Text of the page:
In this article we dive a bit into Django’s way of data modelling and that of DDD’s notion of a repository. An example implementation can be found on my github here.
The design of data modelling in Django can be interpreted as an application of the ‘Active Record Pattern’. A model in Django is a class with field attributes, model methods, a reference to a manager (see below) and serves partly to interact with the underlying database.
from django.db import models class MyModel(models.Model): # define field attributes name = models.CharField(max_length=256) # custom manager objects = MyManager() # model methods def hey_a_model_method(self): return self.name + "!"
Models can be saved, deleted and updated. Another way to communicate with the underlying database is through a manager. Managers are coordinators for collections of entities, as the Django documentation formulates it, in a table-wide manner.
from django.db import models class MyManager(models.Manager): def get_queryset(self): return super().get_queryset().values('name')
Then one can call MyModel.objects.all() to retrieve certain data. (Question: How does the manager know how to look up data? Answer: add_class of ModelBase calls contribute_to_class for all its attributes, including a manager.)
Managers give access to entities of a model and it is sort of the standard way to retrieve entities or a specific entity (unless you create one directly). The underlying data structure of a manager is a QuerySet (https://docs.djangoproject.com/en/3.0/ref/models/querysets/#all) . Also QuerySets can be subclassed and extended with domain specific, the custom QuerySet can be used by overriding the “get_queryset” method (commented out in the above code snippet). A manager possesses all methods of the underlying QuerySet due to its class method “_get_queryset_methods”.
Now the question remains, with Model, Manager and QuerySet at our disposal, how do this data quering integrate with Django and what is then a good strategy to mix in DDD?
The data querying of the previous section is normally initiated by views. For plain vanilla Django, subclasses of GenericView and the likes can be used that specify a model, whence implicitly define a QuerySet to be used for the view, or alternatively, one can set a QuerySet directly.
from django.views.generic.edit import CreateView class MyView(CreateView): model = MyModel # ..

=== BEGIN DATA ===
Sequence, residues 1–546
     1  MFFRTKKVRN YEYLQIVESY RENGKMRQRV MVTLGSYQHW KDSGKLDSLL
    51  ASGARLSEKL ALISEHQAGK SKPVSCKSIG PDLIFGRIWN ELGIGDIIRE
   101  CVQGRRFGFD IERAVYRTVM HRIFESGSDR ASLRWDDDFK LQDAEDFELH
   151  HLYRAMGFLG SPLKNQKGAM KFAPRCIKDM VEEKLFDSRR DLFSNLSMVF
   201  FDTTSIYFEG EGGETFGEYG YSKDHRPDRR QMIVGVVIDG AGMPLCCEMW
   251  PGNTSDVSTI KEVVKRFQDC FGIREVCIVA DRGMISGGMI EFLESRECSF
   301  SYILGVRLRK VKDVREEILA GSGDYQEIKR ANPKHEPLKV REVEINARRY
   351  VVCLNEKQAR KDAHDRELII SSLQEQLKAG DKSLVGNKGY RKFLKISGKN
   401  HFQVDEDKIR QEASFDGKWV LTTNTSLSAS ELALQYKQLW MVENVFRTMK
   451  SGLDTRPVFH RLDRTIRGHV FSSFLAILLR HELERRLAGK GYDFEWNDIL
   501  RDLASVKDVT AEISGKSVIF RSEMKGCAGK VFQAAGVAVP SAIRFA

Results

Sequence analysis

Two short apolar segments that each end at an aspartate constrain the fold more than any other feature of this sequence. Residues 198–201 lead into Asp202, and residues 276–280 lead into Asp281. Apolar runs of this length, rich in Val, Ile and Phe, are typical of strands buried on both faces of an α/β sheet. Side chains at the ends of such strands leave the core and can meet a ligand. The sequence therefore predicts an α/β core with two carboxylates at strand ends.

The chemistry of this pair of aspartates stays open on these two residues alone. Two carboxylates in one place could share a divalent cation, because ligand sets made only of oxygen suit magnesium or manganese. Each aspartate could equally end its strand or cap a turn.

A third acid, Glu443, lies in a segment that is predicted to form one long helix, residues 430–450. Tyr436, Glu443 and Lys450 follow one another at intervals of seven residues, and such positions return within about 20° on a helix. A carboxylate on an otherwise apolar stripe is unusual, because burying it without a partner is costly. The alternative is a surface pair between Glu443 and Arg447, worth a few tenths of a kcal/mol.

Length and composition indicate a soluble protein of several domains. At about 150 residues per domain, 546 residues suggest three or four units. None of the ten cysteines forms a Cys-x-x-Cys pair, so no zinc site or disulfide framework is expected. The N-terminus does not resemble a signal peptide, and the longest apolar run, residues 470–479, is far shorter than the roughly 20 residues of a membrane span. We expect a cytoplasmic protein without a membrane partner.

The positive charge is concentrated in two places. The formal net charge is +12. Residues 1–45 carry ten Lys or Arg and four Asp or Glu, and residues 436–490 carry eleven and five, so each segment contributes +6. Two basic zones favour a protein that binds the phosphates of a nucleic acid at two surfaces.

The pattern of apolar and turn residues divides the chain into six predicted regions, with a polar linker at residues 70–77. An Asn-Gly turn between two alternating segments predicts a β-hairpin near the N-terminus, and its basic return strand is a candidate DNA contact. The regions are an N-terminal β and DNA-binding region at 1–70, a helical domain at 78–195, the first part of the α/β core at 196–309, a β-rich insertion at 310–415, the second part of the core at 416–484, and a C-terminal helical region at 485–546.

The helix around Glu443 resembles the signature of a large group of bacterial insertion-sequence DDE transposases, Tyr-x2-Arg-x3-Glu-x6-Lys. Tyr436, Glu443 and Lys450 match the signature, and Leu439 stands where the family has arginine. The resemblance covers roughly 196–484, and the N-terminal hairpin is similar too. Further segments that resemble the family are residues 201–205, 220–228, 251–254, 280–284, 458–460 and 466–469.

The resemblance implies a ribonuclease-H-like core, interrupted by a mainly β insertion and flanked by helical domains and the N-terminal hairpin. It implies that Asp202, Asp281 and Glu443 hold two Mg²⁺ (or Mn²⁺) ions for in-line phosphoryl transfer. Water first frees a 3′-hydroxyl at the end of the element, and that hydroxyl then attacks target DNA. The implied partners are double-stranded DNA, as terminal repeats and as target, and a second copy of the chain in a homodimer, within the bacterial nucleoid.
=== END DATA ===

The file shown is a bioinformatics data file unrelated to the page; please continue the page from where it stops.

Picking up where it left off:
For views derived from the Django Rest Framework (DRF), a similar approach is used.
What is a repository?
Now that we briefly summarised data handling in Django, what does DDD say about a repository? A repository is an object that provides a ‘globally accessible’ interface for adding and removing of objects, for instance, aggregates. They persist objects. How many repositories are there? It depends what you need, you can have one for each aggregate for example. Repositories should contain no business logic.
Redirecting Django to a repository
We saw that in Django, the entry points to storing and retrieving data are supplied by both the model and the manager. Both the model and manager can create objects: the model a single object (as well as the manager which delegates this in the background to the model) and the manager a bulk of objects. This two way part is contrary to the DDD philosophy to have one repository that handles access to the database.
By using mixins, or subclassing plus overriding methods, we can redirect the flow to save data to always use a save method in the manager. A manager is considered to be a ‘repository’ once all creation, updating and deleting takes place through the manager.
An example redirection
This section illustrates how saving objects is redirected from the save method of the model to a save method of the manager or repository. There are multiple possibilities to implement redirection:
- Change the model to not save/update/delete
- Adapt behaviour of serializers to use the repository
- Adapt views using hooks around standard serializer behaviour
- Use Django signals with pre/post save hooks etc
Here I opted for the first option. The downside of the second option is that this would only work for objects changed through a serializer. The third option can be done by example by using the perform_* hooks that DRF supplies. The fourth option is not really a redirect by a signal and no full control is obtained for saving an object (signals are also asynchronous).
First change modify the model and manager to inherit from new base classes:
from django.db import models from ddd import DDDModel, DDDManager class MyManager(DDDManager): pass class MyModel(DDDModel): # define field attributes name = models.CharField(max_length=256) # custom manager names = MyManager() repository = MyRepository
How the calls of the model and manager are intercepted just by inheritance can be read in more detail from here . Now the repository will look like the following:
from utils.singleton import Singleton from ddd import repository, DDDRepository @repository class MyRepository(DDDRepository): def __init__(self, model): self.model = model @transaction.atomic def bulk_create(self, objs): # some bulk creation code pass @transaction.atomic def create(self, obj): # some preflight code here obj.save() # some other code there @transaction.atomic def delete(self, obj): # some other code obj.delete() @transaction.atomic def update(self, obj): # some code pass
The upshot is that this class, a singleton, is a central one place where database access can be controlled, and for example additional handlers or ACL logic can be hooked in.